As Sovereign, Queen Elizabeth II embodies the Canadian state. She is the source of law, the principal guardian of the constitution, the
fount of honour, the focus of allegiance and the personification of
a life consecrated to service (Christopher Plummer, speaking on Parliament Hill, Canada Day, 2010). A biography of The Queen is available on the Canadian Heritage website here, and more information about her life and activities throughout the Commonwealth can be found on our links page. This article simply lists some of the significant events highlighting her continuous involvement with Canadians during her reign of over 62 years.
A complete record of The Queen’s Canadian homecomings together with much other information about our monarchy, including a list of organizations granted Royal Patronage and the designation
Royal, may be found at the Canadian Heritage website here.
|1953||The Royal Style and Titles Act is passed by Parliament, making Elizabeth II officially
Queen of Canada.
|1957||The Queen opens her Parliament in Ottawa.|
|1959||The Queen of Canada travels to the United States, where she opens the St Lawrence Seaway together with President Eisenhower during a 45-day tour of all 12 provinces and territories.|
|1964||The Queen attends events in Charlottetown and Québec City to mark the centenary of the conferences leading to Confederation in 1867.|
|1967||The Queen celebrates Canada’s centenary by visiting Ottawa and Expo 67, the World’s Fair, held in Montréal.|
|1970||The Queen begins her custom of visiting provinces marking their centenary within Confederation: Manitoba in 1970 (together with the centenary of the Northwest Territories); British Columbia in 1971; Prince Edward Island in 1973 (together with the 300th anniversary of the founding of Kingston, Ontario, and the centennial celebrations of the RCMP); Saskatchewan and Alberta in 2005.|
|1973||Receiving guests while in residence at Rideau Hall, The Queen presides at the annual Commonwealth Heads of Government Meeting in Ottawa.|
|1976||The Queen declares open the 1976 Summer Olympics in Montréal; with Prince Philip and her children, she supports Princess Anne as she competes in Olympic equestrian events at Bromont, Québec.|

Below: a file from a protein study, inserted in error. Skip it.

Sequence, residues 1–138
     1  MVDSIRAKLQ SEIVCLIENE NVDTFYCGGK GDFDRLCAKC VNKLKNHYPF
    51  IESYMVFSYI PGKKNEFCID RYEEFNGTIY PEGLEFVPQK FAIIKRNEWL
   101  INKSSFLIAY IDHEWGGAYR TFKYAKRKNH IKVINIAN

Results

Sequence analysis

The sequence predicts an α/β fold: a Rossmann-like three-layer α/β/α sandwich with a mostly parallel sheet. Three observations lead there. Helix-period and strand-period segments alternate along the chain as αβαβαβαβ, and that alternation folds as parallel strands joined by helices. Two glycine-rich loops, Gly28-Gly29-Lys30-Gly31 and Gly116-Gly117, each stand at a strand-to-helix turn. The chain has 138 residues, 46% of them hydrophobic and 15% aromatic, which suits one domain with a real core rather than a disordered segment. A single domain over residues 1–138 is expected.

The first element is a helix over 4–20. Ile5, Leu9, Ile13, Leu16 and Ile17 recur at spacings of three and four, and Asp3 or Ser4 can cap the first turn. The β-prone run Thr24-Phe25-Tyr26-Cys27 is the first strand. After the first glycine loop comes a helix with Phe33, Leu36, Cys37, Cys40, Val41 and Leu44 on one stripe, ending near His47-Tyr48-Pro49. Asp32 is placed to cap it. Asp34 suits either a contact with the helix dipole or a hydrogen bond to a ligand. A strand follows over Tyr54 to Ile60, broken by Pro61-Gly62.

|1977||Canada’s monarch celebrates her Silver Jubilee by opening Parliament and visiting the National Capital Region.|
|1978||The Queen declares open the 11th Commonwealth Games in Edmonton in the course of a 12-day homecoming.|
|1982||The Queen proclaims the patriated Constitution of Canada in a ceremony held on Parliament Hill.|
|1983||While visiting the United States, The Queen informs President Reagan that
I am going home to Canada tomorrow, subsequently making a four-day homecoming to British Columbia.
|1984||Canada’s Sovereign celebrates the bicentenaries of the founding of New Brunswick and Ontario in the course of a 13-day homecoming.|
|1987||During a 16-day homecoming, The Queen presides over the annual Commonwealth Heads of Government Meeting in Victoria.|
|1992||The Queen celebrates the 125th Anniversary of Confederation by presiding at Canada Day festivities on Parliament Hill.|
|1994||As Canada’s monarch, The Queen presides at Canadian D-Day commemorations in France. During a 10-day homecoming, she declares open the 15th Commonwealth Games in Victoria. Accompanied by her Canadian prime minister, she dedicates the Canada Memorial, honouring the fallen of both World Wars, at Green Park, London.|
|1997||In the course of a 10-day homecoming, The Queen attends the 500th anniversary landing re-enactment of the Matthew, at Bonavista, Newfoundland and Labrador.|
|2002||The Queen celebrates the Golden Jubilee with a homecoming to the five regions of Canada.|
|2004||As Queen of Canada, the Sovereign attends the Canadian commemoration service marking the 60th anniversary of D-Day, at Juno Beach, Courseulles-sur-Mer, France.|
|2007||Visiting France as Canada’s Sovereign, The Queen re-dedicates the Vimy Memorial.|
|2010||Unprecedented numbers of Canadians hail their Queen as she presides for the fifth time at Canada Day ceremonies on Parliament Hill during a 10-day homecoming.|
Reflecting her role as Commander-in-Chief of the Canadian Forces, The Queen holds the following honorary appointments as Colonel-in-Chief, except where noted:
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